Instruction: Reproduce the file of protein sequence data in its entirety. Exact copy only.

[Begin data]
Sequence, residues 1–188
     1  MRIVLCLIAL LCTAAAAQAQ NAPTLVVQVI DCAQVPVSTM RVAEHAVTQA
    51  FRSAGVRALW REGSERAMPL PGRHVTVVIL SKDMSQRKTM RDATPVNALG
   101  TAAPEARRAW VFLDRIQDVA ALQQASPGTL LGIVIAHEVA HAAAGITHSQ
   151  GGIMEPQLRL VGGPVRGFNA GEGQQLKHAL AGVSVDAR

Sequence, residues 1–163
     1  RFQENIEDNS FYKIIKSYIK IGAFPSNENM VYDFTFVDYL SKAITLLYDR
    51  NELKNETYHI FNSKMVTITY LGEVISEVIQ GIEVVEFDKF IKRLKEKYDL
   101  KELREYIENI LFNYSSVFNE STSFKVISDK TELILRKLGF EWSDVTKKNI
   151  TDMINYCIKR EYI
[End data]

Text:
Sequence, residues 1–188
     1  MRIVLCLIAL LCTAAAAQAQ NAPTLVVQVI DCAQVPVSTM RVAEHAVTQA
    51  FRSAGVRALW REGSERAMPL PGRHVTVVIL SKDMSQRKTM RDATPVNALG
   101  TAAPEARRAW VFLDRIQDVA ALQQASPGTL LGIVIAHEVA HAAAGITHSQ
   151  GGIMEPQLRL VGGPVRGFNA GEGQQLKHAL AGVSVDAR

Sequence, residues 1–163
     1  RFQENIEDNS FYKIIKSYIK IGAFPSNENM VYDFTFVDYL SKAITLLYDR
    51  NELKNETYHI FNSKMVTITY LGEVISEVIQ GIEVVEFDKF IKRLKEKYDL
   101  KELREYIENI LFNYSSVFNE STSFKVISDK TELILRKLGF EWSDVTKKNI
   151  TDMINYCIKR EYI